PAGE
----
Déjà vu: Labor leader avoids Commonwealth Sovereign Treaty Process

Media Release

3 August 2023

Ghillar, Michael Anderson, Convenor of the Sovereign Union, last surviving member of the founding four of the Aboriginal Embassy and Head of State of the Euahlayi Peoples Republic provides an insight into PM Albanese’s recent abject refusal to discuss treaty(ies) at the Commonwealth level.

On 2 Aug Patricia Karvelus interviewed PM Albanese on the ABC RN Breakfast program regarding Opposition Leader, Peter Dutton raising the issue of treaty(ies). The PM floundered when asked this question because clearly he is not prepared to deal with this matter. He was clearly happy to pass the issue of treaties off to the states, saying words to the effect, that states are already engaging in the treaty process. Somewhat surprisingly, PM Albanese stressed that the Uluru Statement does not specify that a treaty(ies) is with the Commonwealth, preferring to focus on a Voice to Parliament which has no enforcement provisions.

This raises 2 questions:

Let me address the issue of his reluctance to enter into discussion on the Treaty Process topic.

His apparent back peddling suggests to me, having been down this road before, that the federal government under Albanese appears to be returning to the Crown Solicitors advice to the Department of Aboriginal Affairs (DAA) through Aboriginal Affairs Minister, Peter Baume, that the government should avoid using the word Treaty because of its international connotations,
under the Vienna Convention on the Law of Treaties.

My paper called ‘That Word ‘Treaty’ has the fuller context.
See: 'That Word' Treaty - The Value of Historical Insights'

And so the Fraser government proposal in appointing the Senate Standing Committee on Constitutional and Legal Affairs called Two Hundred Years Later in 1983 [ at ] wanted to investigate legal options. Included in this inquiry was the direction to at look at a name for such an agreement, other than the name ‘treaty’. The National Aboriginal Conference (NAC) representative came up with a Yolgnu name - Makarratta. But the true definition of Makarratta means that blood has to be spilt in order to settle a dispute. The NAC’s community consultations in the centre of Australia, particularly the Elders at Santa Theresa, were emphatic in their community submission to the NAC that they did not want to be involved in a process called Makarratta, as they understood the literal meaning under First Nations Law and culture. They put it to the NAC that that name should be dropped and return to the word Treaty.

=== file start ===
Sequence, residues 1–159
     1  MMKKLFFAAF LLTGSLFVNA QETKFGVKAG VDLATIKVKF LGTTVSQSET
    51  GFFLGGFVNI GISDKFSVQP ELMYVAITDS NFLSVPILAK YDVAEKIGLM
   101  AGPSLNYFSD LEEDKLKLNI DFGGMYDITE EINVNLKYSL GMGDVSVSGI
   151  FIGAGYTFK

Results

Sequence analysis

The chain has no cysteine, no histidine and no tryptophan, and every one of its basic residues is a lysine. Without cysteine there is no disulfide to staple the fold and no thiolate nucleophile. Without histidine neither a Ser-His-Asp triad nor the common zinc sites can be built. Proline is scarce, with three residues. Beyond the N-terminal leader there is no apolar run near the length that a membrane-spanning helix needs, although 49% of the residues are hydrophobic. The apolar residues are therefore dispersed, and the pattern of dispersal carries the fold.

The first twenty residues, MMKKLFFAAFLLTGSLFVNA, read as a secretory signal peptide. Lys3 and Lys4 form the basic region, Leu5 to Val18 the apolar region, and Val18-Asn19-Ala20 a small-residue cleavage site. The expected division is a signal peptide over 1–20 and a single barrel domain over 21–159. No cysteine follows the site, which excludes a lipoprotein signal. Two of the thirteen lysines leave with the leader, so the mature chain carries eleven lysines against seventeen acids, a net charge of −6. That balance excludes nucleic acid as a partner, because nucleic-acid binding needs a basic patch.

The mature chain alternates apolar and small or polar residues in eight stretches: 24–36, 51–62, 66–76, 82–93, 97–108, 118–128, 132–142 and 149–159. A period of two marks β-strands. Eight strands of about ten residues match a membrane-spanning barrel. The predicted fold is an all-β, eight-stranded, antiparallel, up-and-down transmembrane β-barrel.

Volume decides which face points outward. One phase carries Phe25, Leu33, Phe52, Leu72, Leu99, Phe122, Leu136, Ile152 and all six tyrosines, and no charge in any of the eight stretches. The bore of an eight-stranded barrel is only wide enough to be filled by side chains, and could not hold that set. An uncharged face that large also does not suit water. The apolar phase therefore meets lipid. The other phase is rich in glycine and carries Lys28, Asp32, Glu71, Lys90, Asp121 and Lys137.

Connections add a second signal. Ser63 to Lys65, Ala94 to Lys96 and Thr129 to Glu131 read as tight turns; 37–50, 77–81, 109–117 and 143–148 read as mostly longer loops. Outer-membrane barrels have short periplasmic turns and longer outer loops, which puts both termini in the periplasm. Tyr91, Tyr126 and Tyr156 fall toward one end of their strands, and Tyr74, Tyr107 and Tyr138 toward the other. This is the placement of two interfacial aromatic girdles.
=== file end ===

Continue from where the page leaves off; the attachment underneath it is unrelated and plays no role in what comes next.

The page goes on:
The NAC, prior to being defunded by the Federal government did in fact resolve to return to using the word treaty. This decision was made because the NAC was a nationally-elected organisation from the grassroots and their obligation was not to find policies where the policy is a one-size-fits-all.

The other name suggested by the Two Hundred Years Later Senate Standing Committee on Constitutional and Legal Affairs was a ‘compact’, less than a treaty, an agreement.

Overall, it was very clear that the term Treaty raised enormous alarm for the Australian Government. Not only did the term treaty involve possible international implications, such as the Commonwealth entering into a Treaty under international Law with various independent sovereign First Nations within Australia, but also sovereign treaty process of this kind would denote an absolute right of self-determination and self-government which would be protected by international law and the Vienna Convention on the Law of Treaties 1986, which regulates treaties among sovereign states.

In the end, the Australian Labor party, under the Bob Hawke regime, just simply shut the process down because it became too hard, and the right wing of the Labor party got their way to drop the whole process.

It appears from the ABC RN interview on the morning of 2 August 2023 that PM Albanese has recoiled on this thought, because it has some very serious implications and a Treaty process with the Commonwealth cannot be done without seriously looking at and incorporating into the Treaty process all international human Rights and other Conventions and Covenants, which create a safety net below which a sovereign treaty cannot go, otherwise it is invalid.